2.2. Set-up of the Removal

Often used are gas sample probes. They offer the option of a pre-separation: for example, due to their inertia, particles, drops and aerosols can be kept out of the analysis system by extracting in counter-current. If, on the other hand, you want to have such substances in the sample, you have to extract isokinetically with the flow. Often filters are mounted inside the probe, they can be heated together with the probe to avoid sooting. In many simple applications T-pieces are used, which emerge at right angles or acute-angled from the main flow to collect problem-free sample gases.

2.3. Promoting and Transporting the Gas

It is particularly easy to supply the analyzer with gas in a bypass arrangement that generates the bypass current through a choke in the main flow. This is shown schematically in Figure 1. Three-way valves are mounted to feed and remove the calibration gas. The influx is equipped with a filter. If necessary, a column cooler can also be integrated in front of the analyzer’s gas inlet.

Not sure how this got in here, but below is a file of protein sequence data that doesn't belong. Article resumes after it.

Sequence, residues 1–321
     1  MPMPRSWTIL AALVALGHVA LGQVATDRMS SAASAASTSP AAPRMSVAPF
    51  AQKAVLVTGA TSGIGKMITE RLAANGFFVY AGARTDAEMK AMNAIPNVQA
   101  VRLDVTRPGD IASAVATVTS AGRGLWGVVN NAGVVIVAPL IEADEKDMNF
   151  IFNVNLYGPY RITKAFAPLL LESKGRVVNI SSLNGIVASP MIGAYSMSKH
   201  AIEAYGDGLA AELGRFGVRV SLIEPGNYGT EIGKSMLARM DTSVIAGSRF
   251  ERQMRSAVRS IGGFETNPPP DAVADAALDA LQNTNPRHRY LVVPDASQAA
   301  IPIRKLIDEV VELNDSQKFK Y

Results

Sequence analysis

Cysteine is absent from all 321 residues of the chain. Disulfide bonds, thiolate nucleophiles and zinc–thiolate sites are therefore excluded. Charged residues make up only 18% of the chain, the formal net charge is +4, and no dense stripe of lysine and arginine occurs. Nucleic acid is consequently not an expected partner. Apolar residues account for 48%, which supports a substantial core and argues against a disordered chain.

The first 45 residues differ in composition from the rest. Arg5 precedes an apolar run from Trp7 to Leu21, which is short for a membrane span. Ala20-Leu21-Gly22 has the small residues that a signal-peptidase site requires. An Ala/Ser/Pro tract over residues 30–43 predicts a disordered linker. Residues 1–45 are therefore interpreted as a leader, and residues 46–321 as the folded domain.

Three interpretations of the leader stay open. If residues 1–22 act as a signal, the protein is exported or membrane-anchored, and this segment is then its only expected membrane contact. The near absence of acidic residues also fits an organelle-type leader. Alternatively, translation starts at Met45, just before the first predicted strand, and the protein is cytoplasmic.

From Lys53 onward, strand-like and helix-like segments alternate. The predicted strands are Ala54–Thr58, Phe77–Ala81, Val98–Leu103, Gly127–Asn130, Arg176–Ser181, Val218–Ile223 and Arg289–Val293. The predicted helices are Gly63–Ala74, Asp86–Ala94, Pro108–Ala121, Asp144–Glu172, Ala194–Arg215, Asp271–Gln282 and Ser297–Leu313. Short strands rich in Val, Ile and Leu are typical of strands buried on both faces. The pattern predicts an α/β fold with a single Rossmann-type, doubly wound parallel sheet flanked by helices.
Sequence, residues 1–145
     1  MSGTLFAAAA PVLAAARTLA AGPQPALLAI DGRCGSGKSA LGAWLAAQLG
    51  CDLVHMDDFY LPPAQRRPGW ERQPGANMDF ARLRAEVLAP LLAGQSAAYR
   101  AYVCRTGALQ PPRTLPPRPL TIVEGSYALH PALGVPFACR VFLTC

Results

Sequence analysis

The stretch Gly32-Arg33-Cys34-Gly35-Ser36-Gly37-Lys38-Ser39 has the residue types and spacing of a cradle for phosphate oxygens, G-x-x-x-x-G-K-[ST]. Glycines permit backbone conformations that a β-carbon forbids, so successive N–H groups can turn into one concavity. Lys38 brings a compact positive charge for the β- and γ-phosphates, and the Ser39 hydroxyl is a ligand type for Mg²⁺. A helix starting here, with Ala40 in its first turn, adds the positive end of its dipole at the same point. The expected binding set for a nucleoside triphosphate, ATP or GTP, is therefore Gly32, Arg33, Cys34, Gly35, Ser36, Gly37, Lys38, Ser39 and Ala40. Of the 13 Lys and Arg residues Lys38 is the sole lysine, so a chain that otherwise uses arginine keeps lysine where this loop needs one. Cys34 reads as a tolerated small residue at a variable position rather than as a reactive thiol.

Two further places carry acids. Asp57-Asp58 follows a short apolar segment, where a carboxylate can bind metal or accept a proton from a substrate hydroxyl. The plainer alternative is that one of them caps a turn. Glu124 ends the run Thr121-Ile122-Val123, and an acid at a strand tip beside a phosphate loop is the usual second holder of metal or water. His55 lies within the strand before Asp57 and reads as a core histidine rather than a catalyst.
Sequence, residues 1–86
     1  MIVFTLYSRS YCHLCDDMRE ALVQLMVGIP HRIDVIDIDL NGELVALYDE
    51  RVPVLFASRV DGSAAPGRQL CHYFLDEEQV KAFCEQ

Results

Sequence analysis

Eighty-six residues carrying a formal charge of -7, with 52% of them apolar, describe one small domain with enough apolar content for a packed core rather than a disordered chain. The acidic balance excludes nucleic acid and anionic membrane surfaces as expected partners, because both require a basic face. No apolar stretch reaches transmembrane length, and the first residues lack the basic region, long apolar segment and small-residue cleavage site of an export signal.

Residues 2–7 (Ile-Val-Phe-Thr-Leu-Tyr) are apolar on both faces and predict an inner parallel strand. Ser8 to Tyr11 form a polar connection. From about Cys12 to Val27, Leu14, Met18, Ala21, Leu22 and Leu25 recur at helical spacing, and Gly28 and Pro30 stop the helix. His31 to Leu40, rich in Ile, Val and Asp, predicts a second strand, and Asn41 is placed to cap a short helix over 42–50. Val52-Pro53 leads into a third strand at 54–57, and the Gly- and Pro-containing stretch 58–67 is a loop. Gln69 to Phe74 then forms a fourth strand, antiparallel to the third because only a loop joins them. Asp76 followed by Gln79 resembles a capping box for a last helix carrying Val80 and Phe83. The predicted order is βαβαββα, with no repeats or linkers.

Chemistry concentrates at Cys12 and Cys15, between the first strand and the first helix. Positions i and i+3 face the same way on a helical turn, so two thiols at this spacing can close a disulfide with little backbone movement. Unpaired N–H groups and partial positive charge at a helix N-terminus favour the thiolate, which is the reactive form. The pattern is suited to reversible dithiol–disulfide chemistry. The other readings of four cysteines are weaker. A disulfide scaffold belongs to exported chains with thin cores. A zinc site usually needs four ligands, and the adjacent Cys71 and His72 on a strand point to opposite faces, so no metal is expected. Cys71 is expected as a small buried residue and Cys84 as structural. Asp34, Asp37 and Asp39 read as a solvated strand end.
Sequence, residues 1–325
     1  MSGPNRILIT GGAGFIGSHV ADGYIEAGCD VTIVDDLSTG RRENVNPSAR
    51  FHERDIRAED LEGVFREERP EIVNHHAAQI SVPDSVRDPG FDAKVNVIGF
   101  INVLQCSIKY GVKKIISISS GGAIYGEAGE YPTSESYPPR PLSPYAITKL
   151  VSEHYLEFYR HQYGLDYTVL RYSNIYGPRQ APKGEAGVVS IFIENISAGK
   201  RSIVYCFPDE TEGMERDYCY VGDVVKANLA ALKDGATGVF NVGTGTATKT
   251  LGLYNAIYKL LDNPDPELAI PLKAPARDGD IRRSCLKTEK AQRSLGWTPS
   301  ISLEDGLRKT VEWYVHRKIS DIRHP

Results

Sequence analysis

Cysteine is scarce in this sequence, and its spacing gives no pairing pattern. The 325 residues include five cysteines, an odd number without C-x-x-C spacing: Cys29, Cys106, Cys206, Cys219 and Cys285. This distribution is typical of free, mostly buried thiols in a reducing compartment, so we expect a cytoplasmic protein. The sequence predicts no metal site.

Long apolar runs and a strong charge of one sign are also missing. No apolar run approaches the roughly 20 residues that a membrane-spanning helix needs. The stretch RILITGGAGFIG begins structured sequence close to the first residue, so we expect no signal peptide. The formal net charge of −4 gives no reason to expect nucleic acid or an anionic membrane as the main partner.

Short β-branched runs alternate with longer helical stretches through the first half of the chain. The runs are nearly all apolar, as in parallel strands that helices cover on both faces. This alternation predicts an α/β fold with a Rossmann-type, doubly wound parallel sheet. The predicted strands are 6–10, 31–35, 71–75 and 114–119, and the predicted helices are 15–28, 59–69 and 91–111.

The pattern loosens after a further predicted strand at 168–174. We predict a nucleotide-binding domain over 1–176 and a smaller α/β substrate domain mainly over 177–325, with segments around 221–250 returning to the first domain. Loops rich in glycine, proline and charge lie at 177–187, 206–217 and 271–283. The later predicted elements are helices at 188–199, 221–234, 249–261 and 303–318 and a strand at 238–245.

A sample gas pump is used if there is no overpressure for gas transport. If pulsed pumps are used, there is a risk that excessive pulsation will distort the measured value, either due to signal noise induced by turbulence or even offset of the signal due to pressure and flow dependencies. Therefore, it is often necessary to decouple the analyzer from the pump surges by integrating a flow-limiting element between the pump and the analyzer. If the pump is throttled on the pressure side by a needle valve, as shown in Figure 2, no pump should be used, which will generate a high pressure, as this may lead to unwanted reactions, such as condensation. Simple magnetic piston pumps are particularly suitable for removal from systems that are under atmospheric pressure. Of course, variable pumps can also be used to adjust proper flow without pressure spikes. Measuring and, if necessary, monitoring the flow and adjusting the needle valve correctly takes place (see Fig. 2) by determining the pressure drop across a laminar flow restrictor.